Adventures with Leslie, Crisis!

Caring for someone with disabilities requires understanding what kinds of programs/services are available in the community. Leslie is in a day program called Chimes. It gives her purpose – a place to go every day.

When I served as County Executive, I had the honor of touring many of the taxpayer-funded programs made possible with local and federal funding.

Accessing this information as a private citizen is a whole other thing! The rules and processes are a maze combined with an obstacle course.

Chimes has a private bus service, with a driver Leslie has known for years, but my house is 3 miles outside of the catchment area. I needed a plan!

I took Leslie to MTA Mobility for an interview so they could decide if she qualifies for disability bus service.

I don’t know about you, but I’ve seen those little white buses with Maryland-flag-inspired accents all over town. I never thought I’d be standing in my driveway waiting for one.

Leslie qualified for the bus and taxi service. In case you’re wondering, the bus is $2.20 a ride, exact change only, and the taxi is $3 a ride.

It’s a great deal – that’s if you can navigate the system to get a reservation. The first person hung up on me when I called to ask about the programs.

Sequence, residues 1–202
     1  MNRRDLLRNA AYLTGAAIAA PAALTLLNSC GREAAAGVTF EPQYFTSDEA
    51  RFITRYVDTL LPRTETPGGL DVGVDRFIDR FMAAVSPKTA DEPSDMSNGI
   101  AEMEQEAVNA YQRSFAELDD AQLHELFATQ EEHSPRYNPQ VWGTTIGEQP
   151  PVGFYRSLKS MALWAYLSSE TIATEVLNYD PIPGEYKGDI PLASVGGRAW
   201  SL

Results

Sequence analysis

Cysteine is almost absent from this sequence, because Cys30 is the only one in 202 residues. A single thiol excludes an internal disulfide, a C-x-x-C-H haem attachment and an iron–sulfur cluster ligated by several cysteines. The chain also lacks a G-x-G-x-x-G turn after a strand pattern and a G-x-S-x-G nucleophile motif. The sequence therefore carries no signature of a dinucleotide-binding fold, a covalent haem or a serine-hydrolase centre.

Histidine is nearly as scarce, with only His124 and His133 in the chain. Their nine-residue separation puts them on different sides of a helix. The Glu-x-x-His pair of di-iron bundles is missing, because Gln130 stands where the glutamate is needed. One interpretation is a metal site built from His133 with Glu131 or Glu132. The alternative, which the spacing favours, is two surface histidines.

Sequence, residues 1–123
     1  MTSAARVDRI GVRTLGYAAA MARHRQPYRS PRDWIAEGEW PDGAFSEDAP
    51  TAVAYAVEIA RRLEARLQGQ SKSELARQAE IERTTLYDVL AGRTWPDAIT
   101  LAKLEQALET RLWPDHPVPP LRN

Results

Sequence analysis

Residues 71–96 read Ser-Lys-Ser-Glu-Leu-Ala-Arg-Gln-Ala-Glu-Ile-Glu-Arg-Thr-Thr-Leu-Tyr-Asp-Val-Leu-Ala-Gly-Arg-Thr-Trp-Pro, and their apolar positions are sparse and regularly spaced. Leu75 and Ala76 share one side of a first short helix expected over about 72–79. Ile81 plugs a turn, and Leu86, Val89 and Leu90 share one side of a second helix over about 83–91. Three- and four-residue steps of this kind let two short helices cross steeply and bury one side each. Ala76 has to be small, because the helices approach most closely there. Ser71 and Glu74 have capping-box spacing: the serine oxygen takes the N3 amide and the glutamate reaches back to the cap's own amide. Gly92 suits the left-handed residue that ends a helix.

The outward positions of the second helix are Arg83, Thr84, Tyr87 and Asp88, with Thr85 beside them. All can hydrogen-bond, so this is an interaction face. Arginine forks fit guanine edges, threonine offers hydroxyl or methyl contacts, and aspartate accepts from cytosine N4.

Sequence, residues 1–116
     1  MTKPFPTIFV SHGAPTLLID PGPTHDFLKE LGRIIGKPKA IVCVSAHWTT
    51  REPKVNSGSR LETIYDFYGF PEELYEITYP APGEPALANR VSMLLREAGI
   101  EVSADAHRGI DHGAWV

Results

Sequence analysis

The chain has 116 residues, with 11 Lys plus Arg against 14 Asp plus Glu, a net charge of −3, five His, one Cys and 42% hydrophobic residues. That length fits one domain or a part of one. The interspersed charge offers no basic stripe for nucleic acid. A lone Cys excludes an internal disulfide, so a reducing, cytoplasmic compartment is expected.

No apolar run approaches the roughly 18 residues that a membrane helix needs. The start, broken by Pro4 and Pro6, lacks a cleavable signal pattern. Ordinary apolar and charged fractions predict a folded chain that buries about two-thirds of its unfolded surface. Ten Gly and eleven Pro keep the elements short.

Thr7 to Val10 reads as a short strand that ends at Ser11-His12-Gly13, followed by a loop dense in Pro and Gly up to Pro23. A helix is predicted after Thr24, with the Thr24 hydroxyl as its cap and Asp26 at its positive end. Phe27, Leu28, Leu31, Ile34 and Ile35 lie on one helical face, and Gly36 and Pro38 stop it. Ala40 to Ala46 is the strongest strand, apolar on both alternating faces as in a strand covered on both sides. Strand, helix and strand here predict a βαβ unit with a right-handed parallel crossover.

Then, even though Leslie’s photo was taken during her first interview, we must go back and get another photo taken….which means another phone call through the automated system hoping I push the correct numbers…and another trip.

In an effort to avoid the never-ending phone tree, I went onto the website to figure out scheduling. This led to another phone call. This time Julian didn’t hang up on me. He patiently scheduled her first-ever trip for the next day.

Leslie burst through my bedroom door like a toddler escaping her crib, ready before the sun was up.

The bus was scheduled to arrive at 8:37, which is exactly when we were standing outside waiting, even though there is a 30-minute window. When the bus wasn’t here at 9:09, I was back on the phone.

Operator 6661, after being told it was Leslie’s first ride, insisted on staying on the phone until the bus pulled up. Her guess was 9:19, which is exactly when it arrived.

By this point, I was nervous. Leslie was nervous. But all was well when we met Nije, the driver. She was the sweetest! I felt completely comfortable leaving Leslie on the bus with her.

Nije explained to me that not only do they call when they arrive so you don’t have to wait outside, but the driver comes to the door to help Leslie onto the bus.

Leslie handed over the $2.20 for the ride – 2 singles and 2 dimes in an envelope – sat down and buckled her seatbelt. Thirty minutes later she was at Chimes.

Leslie was so brave. Me? I cried.

She boarded the bus in the afternoon at 3:04 pm. By 4:00, I was worried, 4:30 in a panic. The ride home was an hour and forty-five minutes. I wanted to cry again!

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